A more speci?vc object of the invention- is to securing arrangement hereinafter described is
provide such a 'connecter which is -adapted to of such character thatthe opening ll may be
compress a portion of the conduit wall into a made of suñiciently large diameter as to accom
hardened mass forming a bearing shoulder'co . mo'date tubing having a comparatively wide vari
operating with a projection on the connecter to ation from a standard diameter. 'I'he manufac 55
conduit.
A
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1
2
2,111,243
ture of the tubing or conduit is thus simplified as
well as that of the connecter since the tolerances
for the interfltting parts are comparatively large.
`As was previously noted, the particular con
necter illustrated is adapted to be secured to’an'
outlet box or similar casing member. Eor this
purpose a threaded annular extension I4 is
formed on the outer end ofthe connecter body
and terminates in a shoulder Il. Thus, as shown
10 in Fig. 2, the threaded end or boss Il may be
inserted in a suitable openingin the wall of a
box II and the connecter clamped in position.
by a lock nut- I1 cooperating with the shoulder
II to engage the marginal ’edges of the box wall.
the requirements of simplicity and ease of manip
ulation as well as the requirements as to strength
of the Joint which it forms.
It has been found that the shape of the con
duit engaging projections is quite critical espe
cially when set screws are used. Thus, itpoint
ed set screws are substituted for those illustrated,
they will pierce the conduit wall and when a
strong pull is exerted thereon a slit will be torn
in the end portion of the conduit permitting it to
be'freed from the connecter. On the other hand,
if ordinar'yflat ends are used on the set screws,
the gripping action had on the inserted c_nd of
the conduit is insumcient to maintain it in posi
A plurality of spaced projections illustrated in
the form of blunt ends or points i8 on set screws
I9 are arranged to engage the inserted end por
tion of the conduit I2. The set screws Il are ar-ranged in alinement longitudinally of the con
20 .necter body in closely spaced relation and are '
vention has been shown and described in some
detail for purposes of illustration. there is no in
strengthening ridge or rib 2l on the tubular con
appended claims are intended to cover all modifi
cations within the spirit and scope of the inven
necter body portion Il. As best shown in Fig. 3,
tion.
15
threaded in suitable tappedholes' formed in a
the ends I8 of the set screws i! are tapered at
an angle A which is preferably of the order of
about 60 degrees and terminate in iiat end sur
faces 2| which are of substantially smaller cross
sectional area than that of the shanir of the
screw. For the particular connecter illustrated
30 the surfaces 2| are preferably about ¿th of an
inch in diameter. ‘These blunt ends of the set
screws il are‘hardened in order that they may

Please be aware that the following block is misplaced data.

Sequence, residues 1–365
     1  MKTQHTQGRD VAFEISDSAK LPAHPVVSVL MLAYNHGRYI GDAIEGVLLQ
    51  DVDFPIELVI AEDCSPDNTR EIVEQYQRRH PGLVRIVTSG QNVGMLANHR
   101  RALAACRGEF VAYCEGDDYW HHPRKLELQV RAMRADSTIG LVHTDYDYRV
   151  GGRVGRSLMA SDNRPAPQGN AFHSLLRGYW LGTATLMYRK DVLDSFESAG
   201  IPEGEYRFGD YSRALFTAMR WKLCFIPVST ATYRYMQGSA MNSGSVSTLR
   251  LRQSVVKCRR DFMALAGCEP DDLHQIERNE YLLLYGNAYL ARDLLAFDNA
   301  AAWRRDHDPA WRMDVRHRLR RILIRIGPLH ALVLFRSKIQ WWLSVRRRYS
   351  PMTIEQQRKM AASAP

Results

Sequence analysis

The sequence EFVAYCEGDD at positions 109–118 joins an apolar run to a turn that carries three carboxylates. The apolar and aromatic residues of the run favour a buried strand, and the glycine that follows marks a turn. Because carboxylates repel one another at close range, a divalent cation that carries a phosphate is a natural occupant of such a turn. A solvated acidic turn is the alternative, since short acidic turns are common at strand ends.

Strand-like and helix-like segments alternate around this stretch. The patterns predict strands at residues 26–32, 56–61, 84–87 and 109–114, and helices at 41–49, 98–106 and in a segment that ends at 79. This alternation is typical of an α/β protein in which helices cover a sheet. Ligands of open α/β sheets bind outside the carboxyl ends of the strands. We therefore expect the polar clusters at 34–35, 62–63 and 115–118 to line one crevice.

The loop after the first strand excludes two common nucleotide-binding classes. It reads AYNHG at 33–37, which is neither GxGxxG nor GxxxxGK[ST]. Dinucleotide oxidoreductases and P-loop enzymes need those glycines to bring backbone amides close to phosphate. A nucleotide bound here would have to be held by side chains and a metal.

readily indent the relatively soft 'steel tubing or
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35
conduit.
'
Upon reference to Fig. 4, it will -be seen that
the ends I I of the set screws Il engage the con
duit I2, forming- indentations' 22 therein. The
angularly disposed lrelation of the ends of the set
40
tion under a heavypull.
Although a particular embodiment of the in
tention tothereby limit the invention to this par
ticular embodiment but', on the other hand, the 20
I claim as my invention:
1. A ?tting for thin- walled tubular metal con 25
duit provided with a sleeve member arranged to
receive an inserted end of the thin walled con
duit', and means for securing said- sleeve to the
inserted conduit. said means' including _a plurality
of adjacent setscrews threaded in said sleeve in 30
longitudinal alinement thereon. and adapted to
deform‘the wall of thev tubular conduit inwardly
at spaced points a sumcient distance to form a
ridge of hardened metal between the screws for
increasing resistance to separation ofthe conduit 35
from the sleeve member.
2. A iltting for thi'n walled tubular metal con
duit provided with a sleeve member arranged to
screws serves to exert a wedsing action on the
receive an inserted end of the thin walled. con
portion ofthe conduit wall located therebetween,
thus compressing the'same into-a hardened mass
duit, and means for-securing said sleeve to thel
inserted conduit, said' means including a` plurality
as indicated by the heavier crosshatching in Fig.
4 at 23. It has been found that this portion of
of adjacent set screws threaded in saidtsleeve in
longitudinal alinement thereon and provided with
the conduit is hardened almostto` the point`of ’ elongated tapered blunt points adapted to de
45 crystallimtion. ,The hardened mass or lump of . form the wall of :he tubular conduit inwardly at 45
metal thus had forms a bearing shoulder coop
spaced points a suillcient distance to wedge a
erating with the lower end II of the outermost set ridge of hardened metal between the screw points
screw `I! to prevent dislodsment lof the conduit for- increasing resistance to separation of the
I2 by an endwise pull. A very effective a'nd sim
conduit from the sleeve member.
PAUL O. HECHT.
50 ple form of connecter is thus had which meets
60